Home page copy questions to ask yourself

Jan 22, 2018 | General | 2 comments


What’s your home page there to do?

It’s there to let people know they’re in the right place.

Then it’s there to show them you understand what they need and you can do something about it.

It’s your job to make it as easy as possible for them to see they’re in the right place and they can trust you with their time and money. Then they’ll click through (to your About pages to learn more about you, to your services/work with me pages to see how you help).

If they find they’re not in the right place, or they don’t trust you enough to spend more time with you, they’ll bounce off.

So, when you’re writing your home page, ask yourself:
  • Is it clear what I do (Are you a marketing service, an online art shop, an online bakery, a complementary therapy service)?
  • Is it clear how I can help (Not the detailed services here – the deeper problem you solve)?
  • What’s in it for them – why should they care? (How is there future going to be better because of you?)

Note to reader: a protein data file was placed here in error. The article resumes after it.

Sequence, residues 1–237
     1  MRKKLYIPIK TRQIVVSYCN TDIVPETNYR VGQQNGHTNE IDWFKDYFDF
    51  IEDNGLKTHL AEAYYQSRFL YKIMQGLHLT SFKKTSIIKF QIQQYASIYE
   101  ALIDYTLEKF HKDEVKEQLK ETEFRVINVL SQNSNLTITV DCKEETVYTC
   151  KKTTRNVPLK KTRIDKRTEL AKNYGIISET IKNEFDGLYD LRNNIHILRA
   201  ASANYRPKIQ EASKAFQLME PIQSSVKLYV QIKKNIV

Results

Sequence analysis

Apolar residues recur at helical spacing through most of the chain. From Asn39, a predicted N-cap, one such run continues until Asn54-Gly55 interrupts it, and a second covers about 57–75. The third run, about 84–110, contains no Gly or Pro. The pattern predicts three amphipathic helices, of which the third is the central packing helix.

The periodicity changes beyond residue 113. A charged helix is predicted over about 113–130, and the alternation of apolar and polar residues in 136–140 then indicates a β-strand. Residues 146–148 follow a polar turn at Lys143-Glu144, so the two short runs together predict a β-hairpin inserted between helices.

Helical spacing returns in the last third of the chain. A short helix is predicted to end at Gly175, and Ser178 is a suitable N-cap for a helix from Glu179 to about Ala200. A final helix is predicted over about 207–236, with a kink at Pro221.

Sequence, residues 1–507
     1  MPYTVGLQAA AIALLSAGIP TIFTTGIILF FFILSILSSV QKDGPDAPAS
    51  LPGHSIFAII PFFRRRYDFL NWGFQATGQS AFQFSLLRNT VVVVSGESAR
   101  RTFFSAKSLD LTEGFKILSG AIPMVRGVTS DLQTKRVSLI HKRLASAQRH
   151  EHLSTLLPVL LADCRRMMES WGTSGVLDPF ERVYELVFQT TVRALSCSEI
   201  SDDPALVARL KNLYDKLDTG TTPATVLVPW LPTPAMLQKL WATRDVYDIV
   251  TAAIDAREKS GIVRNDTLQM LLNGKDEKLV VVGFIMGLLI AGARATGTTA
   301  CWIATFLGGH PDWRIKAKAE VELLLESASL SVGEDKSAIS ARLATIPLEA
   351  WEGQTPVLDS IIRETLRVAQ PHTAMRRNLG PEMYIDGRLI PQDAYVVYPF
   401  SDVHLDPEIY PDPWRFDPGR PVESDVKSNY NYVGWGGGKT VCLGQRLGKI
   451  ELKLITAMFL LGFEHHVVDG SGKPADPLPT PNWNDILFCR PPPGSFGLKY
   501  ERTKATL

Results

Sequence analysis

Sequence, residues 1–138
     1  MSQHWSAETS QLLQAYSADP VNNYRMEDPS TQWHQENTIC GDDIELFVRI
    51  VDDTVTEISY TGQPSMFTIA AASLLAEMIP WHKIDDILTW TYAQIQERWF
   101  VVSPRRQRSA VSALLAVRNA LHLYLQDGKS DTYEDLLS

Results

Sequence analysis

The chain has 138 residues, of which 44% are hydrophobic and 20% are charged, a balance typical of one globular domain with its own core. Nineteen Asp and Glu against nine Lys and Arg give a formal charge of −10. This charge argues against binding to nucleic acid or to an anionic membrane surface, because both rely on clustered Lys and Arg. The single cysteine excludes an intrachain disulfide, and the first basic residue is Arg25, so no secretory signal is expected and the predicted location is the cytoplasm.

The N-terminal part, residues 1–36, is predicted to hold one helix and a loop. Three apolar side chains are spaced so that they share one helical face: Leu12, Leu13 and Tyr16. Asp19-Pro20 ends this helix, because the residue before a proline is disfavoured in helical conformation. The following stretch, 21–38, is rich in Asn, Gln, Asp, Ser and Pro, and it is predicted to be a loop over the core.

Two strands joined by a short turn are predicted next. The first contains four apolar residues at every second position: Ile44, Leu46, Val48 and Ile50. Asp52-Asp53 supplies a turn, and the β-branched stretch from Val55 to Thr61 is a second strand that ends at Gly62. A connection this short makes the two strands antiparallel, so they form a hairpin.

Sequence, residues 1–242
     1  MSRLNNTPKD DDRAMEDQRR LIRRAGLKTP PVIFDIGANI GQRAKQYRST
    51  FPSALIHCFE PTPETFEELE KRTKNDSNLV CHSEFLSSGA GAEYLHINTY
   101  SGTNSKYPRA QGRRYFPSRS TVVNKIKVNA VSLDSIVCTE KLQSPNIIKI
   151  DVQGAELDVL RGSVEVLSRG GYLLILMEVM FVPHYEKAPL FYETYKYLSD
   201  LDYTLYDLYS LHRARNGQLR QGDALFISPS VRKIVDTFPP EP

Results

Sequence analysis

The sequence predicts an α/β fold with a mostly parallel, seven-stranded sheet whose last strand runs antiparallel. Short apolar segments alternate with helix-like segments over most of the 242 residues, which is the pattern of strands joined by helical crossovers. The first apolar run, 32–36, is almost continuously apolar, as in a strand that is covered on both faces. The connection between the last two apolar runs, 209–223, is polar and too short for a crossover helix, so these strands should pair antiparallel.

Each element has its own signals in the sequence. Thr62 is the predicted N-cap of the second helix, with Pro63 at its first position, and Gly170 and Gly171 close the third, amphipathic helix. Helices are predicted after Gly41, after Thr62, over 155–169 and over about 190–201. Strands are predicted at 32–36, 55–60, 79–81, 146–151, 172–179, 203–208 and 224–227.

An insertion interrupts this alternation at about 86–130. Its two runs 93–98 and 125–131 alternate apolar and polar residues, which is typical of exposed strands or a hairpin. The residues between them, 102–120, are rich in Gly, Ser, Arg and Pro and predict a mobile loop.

• Why should they trust you? Does anyone else trust you? (Testimonials, stats, research)
  • What do you want them to do about it? (Read about your services? Join a mailing list?)
  • Is it easy for them to act (Is the mailing list/buy/contact button obvious)?
  • Is it easy to read (Written in language your reader understands? Or in industry jargon? Are there short, clear sentences and a simple message? Do the visuals and layout work with the copy)?


These are the questions I ask myself when writing homepages for clients. How about you? What questions are you answering when you write?



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Gayle Johnson

Gayle Johnson


Gayle is a freelance content writer, writing mentor and facilitator. She is the creator of ‘Wordspill’ and loves helping people use words to connect with themselves and others. Find out how you can work with Gayle and her services


  1. Brad Graber

    Great tips. As a fiction writer – I want my homepage to build rapport with readers. Not sure that I’m there yet – but you’ve given me something to think about.

  2. Louise Mason

    Great advice – what is it you want them to do next and how easy is it for them to act?
    Sometimes we forget that because we are so busy telling people everything we want to say!


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